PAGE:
In the past few weeks, I have been on the road almost continuously from one part of the world to another. Through a combination of business and pleasure, this has included travel to North and Central America, the Middle East, and even the Arctic! While of course somewhat tiring, there is no doubt that seeing such diversity in a short space of time, but with that common thread of friendliness, has been inspiring.
So from the economic development perspective, how does the smallest developing isolated community attract FDI, compared to the most cosmopolitan developed city? Well, the basic strategic principles should still remain broadly similar, and some of these ‘building blocks’ for any EDO or IPA include:
Identify your opportunity: understand the sectors, specific niches, activities and source locations from where you can attract investment. How might this change in the future?
Define your offer: where do your strengths lie – what niches can be identified as a competitive advantage? You can then align the opportunity (the demand side), alongside the offer (the supply side), and hence define the sectors and markets to proactively target.
Optimize the organizational structure: based on the above, targets for FDI should be set (projects, jobs, capex etc.). But in order to achieve them, the right level of resource with well-defined staff roles (and ideally previous experience) needs to be in place. A strategy is only as good as the tools available to implement it!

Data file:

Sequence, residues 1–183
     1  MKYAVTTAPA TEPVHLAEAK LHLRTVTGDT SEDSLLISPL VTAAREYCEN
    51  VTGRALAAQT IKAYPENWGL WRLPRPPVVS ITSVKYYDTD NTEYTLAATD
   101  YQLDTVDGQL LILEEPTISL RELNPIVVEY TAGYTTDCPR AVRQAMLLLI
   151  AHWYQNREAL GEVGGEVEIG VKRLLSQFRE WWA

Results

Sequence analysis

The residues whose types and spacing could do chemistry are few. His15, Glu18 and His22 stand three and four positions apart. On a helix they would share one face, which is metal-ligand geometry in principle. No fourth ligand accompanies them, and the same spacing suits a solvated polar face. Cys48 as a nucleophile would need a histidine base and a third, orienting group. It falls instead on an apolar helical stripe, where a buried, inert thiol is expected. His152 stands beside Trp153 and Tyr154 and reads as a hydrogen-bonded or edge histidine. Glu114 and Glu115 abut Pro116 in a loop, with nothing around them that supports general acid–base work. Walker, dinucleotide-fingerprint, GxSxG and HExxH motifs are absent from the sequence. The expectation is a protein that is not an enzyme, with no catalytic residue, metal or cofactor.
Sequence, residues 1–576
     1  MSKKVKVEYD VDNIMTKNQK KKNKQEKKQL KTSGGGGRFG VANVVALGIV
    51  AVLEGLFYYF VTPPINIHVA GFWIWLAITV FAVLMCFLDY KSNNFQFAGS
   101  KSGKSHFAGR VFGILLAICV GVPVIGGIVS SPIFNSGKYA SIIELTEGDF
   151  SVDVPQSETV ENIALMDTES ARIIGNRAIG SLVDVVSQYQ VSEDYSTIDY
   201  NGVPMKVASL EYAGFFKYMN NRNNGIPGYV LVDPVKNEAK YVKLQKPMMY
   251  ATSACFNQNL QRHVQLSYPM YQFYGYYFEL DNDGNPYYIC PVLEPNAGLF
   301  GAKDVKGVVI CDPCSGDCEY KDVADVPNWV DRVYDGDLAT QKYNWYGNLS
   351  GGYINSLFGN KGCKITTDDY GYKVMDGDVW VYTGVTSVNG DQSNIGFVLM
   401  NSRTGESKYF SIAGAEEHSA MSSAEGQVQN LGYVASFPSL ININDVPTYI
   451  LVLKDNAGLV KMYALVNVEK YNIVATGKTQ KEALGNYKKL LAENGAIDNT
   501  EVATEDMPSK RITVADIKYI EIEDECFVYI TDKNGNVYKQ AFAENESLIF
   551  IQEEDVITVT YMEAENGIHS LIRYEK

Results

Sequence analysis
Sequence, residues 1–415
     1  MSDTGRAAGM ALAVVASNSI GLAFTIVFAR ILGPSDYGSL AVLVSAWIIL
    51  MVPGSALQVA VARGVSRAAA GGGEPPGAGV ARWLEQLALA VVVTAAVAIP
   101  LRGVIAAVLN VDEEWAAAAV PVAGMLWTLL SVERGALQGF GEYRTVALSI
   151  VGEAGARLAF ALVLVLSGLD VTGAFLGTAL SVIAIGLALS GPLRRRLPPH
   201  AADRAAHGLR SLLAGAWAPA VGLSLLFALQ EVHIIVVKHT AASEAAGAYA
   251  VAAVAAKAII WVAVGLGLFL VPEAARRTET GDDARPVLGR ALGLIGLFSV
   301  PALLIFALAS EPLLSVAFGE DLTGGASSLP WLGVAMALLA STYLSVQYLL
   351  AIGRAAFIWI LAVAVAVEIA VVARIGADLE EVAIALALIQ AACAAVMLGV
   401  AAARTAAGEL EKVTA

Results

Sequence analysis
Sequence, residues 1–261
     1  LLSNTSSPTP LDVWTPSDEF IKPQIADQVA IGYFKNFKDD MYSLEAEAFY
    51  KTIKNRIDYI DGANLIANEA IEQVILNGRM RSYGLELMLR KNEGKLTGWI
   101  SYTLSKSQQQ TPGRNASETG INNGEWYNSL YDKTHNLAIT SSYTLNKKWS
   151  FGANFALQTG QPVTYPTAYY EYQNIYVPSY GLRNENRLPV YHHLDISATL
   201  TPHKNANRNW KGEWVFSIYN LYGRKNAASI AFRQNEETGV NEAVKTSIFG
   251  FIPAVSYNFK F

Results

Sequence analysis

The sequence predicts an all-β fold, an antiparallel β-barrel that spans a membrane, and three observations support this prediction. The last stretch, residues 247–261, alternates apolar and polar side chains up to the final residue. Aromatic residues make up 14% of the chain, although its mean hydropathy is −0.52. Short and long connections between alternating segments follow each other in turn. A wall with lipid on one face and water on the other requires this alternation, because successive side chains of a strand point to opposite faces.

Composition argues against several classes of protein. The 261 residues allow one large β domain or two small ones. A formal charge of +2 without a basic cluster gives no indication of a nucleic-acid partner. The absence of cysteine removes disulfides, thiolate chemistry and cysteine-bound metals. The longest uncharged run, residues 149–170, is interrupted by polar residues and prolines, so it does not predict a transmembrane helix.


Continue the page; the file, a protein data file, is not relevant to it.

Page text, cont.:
Strengthen your marketing approach: the difference between a company choosing your location and any other is often on the strength of presentation: if collateral looks and says the right things, the chances of gaining that ‘foot in the door’ with an investor are enhanced.
Establish principles of prioritization: not all companies represent the same level of opportunity for a location, or indeed have the same economic impact if they do invest. This does not mean ignoring some companies, but it is worth remembering the rule of thumb that around 20% of all companies will tend to provide around 80% of the impact to an economy.
Think like an investor: EDOs and IPAs ultimately exist to service the private sector. Therefore, staff need to put themselves in the position of that investor in order to get ahead of the competition: how does that company make its location choice - what is the process it follows?
Of course, every location has to tailor and implement its strategy to its own set of circumstances, and the points above are by no means exhaustive (we could add points about aftercare, evaluation, company research etc), but nevertheless we still return to this overarching structure. While there’s no question that every location and its EDO / IPA are different, they should not view themselves as somehow entirely unique (everywhere claims to be a ‘strategic location’!). Hence the prescription for successful FDI attraction will at its core, tend to follow a similar theme.
So, perspective is important, but by following such overall fundamentals, the smallest of communities is able to attract companies in the same way as a big city: after all, a 50 person investment from a little known company into a town of 5,000 people, can have at least as much positive economic impact as Google choosing its next 2,000 seat site in a major international city.